Five Killer Electronic Tracks That Made Movies Sound Better


Five Killer Electronic Tracks That Made Movies Sound Better

WORDS BY: Lauren Miller

The history of electronic music as an important element of film soundtracks dates back several decades. One of the earliest examples of an electronic soundtrack producing an international hit was the 1978 film drama Midnight Express, directed by Alan Parker.

Legendary Italian composer Giorgio Moroder created a haunting and rhythmic soundtrack for Midnight Express; by the time he scored Scarface in 1983, other film producers took notice and started inviting electronic artists to provide musical backdrops to their movies.

The following five films are worth watching and listening to thanks to their great use of electronic tracks in certain scenes.

1 – Runner Runner, 2013

This film once held a lot of promise because it featured the writers of Rounders, one of the best cinematic accounts of the modern poker scene. Whereas Rounders featured Matt Damon and Edward Norton as players in a gritty poker circuit, Runner Runner featured Justin Timberlake as a college kid who travels to Costa Rica to meet the online poker impresario who ripped him off. The best part of this film is probably Deadmau5’s cameo, who is seen spinning “Fn Pig” at a trendy party, followed by a snippet of "Strobe."

2 – Trainspotting, 1996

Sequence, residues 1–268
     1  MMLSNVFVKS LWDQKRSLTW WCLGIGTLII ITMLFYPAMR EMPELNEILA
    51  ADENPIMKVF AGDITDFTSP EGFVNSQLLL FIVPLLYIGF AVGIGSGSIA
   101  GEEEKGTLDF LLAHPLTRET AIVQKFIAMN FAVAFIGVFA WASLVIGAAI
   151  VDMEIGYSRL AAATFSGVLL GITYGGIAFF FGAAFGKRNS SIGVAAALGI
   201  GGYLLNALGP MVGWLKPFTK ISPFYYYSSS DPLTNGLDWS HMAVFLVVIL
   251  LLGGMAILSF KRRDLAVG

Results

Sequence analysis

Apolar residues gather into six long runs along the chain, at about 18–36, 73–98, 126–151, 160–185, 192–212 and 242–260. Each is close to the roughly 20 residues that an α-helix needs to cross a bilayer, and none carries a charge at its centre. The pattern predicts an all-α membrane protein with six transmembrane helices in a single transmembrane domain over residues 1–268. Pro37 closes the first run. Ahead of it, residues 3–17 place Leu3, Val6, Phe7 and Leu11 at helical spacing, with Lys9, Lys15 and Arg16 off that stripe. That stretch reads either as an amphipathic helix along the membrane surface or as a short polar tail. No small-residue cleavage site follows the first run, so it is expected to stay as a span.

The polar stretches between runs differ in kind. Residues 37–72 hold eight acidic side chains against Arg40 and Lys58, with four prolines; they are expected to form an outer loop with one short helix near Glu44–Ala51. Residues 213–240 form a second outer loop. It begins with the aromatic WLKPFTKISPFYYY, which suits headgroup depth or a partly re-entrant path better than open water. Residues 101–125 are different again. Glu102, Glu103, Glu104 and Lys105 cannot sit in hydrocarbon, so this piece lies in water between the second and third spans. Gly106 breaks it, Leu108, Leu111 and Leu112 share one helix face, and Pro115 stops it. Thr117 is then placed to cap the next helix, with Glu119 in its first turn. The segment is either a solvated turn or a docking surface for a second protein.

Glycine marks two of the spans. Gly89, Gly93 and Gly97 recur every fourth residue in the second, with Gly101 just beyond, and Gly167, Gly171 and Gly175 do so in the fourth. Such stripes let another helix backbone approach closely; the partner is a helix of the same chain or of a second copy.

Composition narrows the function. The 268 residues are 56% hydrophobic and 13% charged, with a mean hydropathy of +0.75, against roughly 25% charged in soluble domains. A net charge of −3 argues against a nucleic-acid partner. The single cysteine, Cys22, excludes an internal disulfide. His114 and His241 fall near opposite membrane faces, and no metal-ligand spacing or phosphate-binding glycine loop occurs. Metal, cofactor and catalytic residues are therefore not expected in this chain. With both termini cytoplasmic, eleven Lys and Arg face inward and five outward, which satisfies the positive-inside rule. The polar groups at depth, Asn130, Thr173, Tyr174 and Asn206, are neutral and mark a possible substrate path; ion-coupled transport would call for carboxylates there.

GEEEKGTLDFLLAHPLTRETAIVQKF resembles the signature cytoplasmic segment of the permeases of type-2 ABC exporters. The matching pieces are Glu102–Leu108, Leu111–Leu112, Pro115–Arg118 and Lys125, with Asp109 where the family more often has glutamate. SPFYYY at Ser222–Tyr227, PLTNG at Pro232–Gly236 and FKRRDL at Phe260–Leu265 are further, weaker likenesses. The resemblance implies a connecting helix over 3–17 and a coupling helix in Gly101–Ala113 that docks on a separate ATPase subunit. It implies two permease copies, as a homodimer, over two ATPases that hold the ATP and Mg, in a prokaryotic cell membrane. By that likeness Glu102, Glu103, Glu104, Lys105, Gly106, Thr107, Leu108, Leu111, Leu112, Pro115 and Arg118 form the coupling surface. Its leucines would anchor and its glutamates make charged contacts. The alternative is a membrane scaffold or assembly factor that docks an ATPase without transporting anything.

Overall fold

This superbly directed film is based on a dark novel by celebrated Scottish author Irvine Welsh, and it is actually getting a sequel 20 years later. Trainspotting is great film as is, but its soundtrack received many accolades at a time when “EDM” was starting to come out of the dance clubs and into arenas. Primal Scream, Underworld, Leftfield, and even a 1987 classic by New Order are the electronic tracks in a soundtrack that also mixes in Britpop and New Wave.

3 – Drive, 2011

This ultra-sleek and hyper-violent crime drama features an immersive soundtrack that sets the mood of a Southern California ruled not only by crime but also by a pervasive loneliness that makes everything feel sterile. The artist in charge of the masterful soundtrack supporting Drive is Kavinsky, and his hit single Nightcall is an example of how electronic music can be used to frame a cinematic experience.

4 – The Matrix, 1999

The final years of the 20th century were great for electro lovers and film fanatics alike. The first film of The Matrix trilogy featured two soundtracks of pure electronic glory. Quite a few people who were not familiar with the genre got a pleasant introduction to artists such as The Prodigy, Lunatic Calm and Propellerheads.

5 – Spring Breakers, 2012

Fans who once thought that the dubstep subgenre may have been too loud and grating to carry an entire film soundtrack were pleasantly surprised when the strange film Spring Breakers was released. The pulsing and pounding beats of Skrillex sounded superb next to mixes by Cliff Martinez and vocal tracks by Gucci Mane as well as Wacka Flocka Flame.